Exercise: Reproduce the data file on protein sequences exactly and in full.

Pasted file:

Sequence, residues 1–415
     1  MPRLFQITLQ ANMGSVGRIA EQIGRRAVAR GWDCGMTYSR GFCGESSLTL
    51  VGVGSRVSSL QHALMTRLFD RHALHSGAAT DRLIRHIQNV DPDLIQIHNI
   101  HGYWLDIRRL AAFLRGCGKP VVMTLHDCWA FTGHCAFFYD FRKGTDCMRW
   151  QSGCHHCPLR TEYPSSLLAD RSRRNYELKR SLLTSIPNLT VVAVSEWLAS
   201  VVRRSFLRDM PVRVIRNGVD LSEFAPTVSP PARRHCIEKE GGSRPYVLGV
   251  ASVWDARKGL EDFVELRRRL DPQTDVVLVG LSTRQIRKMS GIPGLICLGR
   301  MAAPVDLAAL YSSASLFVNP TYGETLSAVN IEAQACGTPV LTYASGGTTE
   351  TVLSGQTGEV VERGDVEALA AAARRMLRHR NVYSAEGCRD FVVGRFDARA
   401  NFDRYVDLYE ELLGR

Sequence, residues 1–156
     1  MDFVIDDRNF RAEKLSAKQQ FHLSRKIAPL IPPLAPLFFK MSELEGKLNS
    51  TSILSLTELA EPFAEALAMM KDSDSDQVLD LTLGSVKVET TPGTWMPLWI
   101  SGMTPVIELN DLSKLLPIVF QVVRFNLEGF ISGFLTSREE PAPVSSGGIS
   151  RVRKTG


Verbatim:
Sequence, residues 1–415
     1  MPRLFQITLQ ANMGSVGRIA EQIGRRAVAR GWDCGMTYSR GFCGESSLTL
    51  VGVGSRVSSL QHALMTRLFD RHALHSGAAT DRLIRHIQNV DPDLIQIHNI
   101  HGYWLDIRRL AAFLRGCGKP VVMTLHDCWA FTGHCAFFYD FRKGTDCMRW
   151  QSGCHHCPLR TEYPSSLLAD RSRRNYELKR SLLTSIPNLT VVAVSEWLAS
   201  VVRRSFLRDM PVRVIRNGVD LSEFAPTVSP PARRHCIEKE GGSRPYVLGV
   251  ASVWDARKGL EDFVELRRRL DPQTDVVLVG LSTRQIRKMS GIPGLICLGR
   301  MAAPVDLAAL YSSASLFVNP TYGETLSAVN IEAQACGTPV LTYASGGTTE
   351  TVLSGQTGEV VERGDVEALA AAARRMLRHR NVYSAEGCRD FVVGRFDARA
   401  NFDRYVDLYE ELLGR

Sequence, residues 1–156
     1  MDFVIDDRNF RAEKLSAKQQ FHLSRKIAPL IPPLAPLFFK MSELEGKLNS
    51  TSILSLTELA EPFAEALAMM KDSDSDQVLD LTLGSVKVET TPGTWMPLWI
   101  SGMTPVIELN DLSKLLPIVF QVVRFNLEGF ISGFLTSREE PAPVSSGGIS
   151  RVRKTG